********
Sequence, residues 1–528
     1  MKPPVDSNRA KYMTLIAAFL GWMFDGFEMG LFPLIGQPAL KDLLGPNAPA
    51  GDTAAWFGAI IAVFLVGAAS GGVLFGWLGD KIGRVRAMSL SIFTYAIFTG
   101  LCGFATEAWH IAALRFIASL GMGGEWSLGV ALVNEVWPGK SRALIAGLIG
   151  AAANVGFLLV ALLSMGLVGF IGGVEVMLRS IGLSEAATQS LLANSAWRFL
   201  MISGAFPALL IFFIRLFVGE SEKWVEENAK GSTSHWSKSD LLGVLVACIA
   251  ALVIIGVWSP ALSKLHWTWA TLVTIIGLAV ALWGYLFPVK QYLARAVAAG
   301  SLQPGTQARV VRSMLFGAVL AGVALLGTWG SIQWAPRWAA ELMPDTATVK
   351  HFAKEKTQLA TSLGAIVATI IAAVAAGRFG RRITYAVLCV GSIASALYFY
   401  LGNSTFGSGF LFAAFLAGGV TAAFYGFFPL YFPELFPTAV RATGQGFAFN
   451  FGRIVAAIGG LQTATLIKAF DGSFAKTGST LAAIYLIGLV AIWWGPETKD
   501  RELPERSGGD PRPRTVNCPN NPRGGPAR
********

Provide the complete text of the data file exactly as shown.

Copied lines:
Sequence, residues 1–528
     1  MKPPVDSNRA KYMTLIAAFL GWMFDGFEMG LFPLIGQPAL KDLLGPNAPA
    51  GDTAAWFGAI IAVFLVGAAS GGVLFGWLGD KIGRVRAMSL SIFTYAIFTG
   101  LCGFATEAWH IAALRFIASL GMGGEWSLGV ALVNEVWPGK SRALIAGLIG
   151  AAANVGFLLV ALLSMGLVGF IGGVEVMLRS IGLSEAATQS LLANSAWRFL
   201  MISGAFPALL IFFIRLFVGE SEKWVEENAK GSTSHWSKSD LLGVLVACIA
   251  ALVIIGVWSP ALSKLHWTWA TLVTIIGLAV ALWGYLFPVK QYLARAVAAG
   301  SLQPGTQARV VRSMLFGAVL AGVALLGTWG SIQWAPRWAA ELMPDTATVK
   351  HFAKEKTQLA TSLGAIVATI IAAVAAGRFG RRITYAVLCV GSIASALYFY
   401  LGNSTFGSGF LFAAFLAGGV TAAFYGFFPL YFPELFPTAV RATGQGFAFN
   451  FGRIVAAIGG LQTATLIKAF DGSFAKTGST LAAIYLIGLV AIWWGPETKD
   501  RELPERSGGD PRPRTVNCPN NPRGGPAR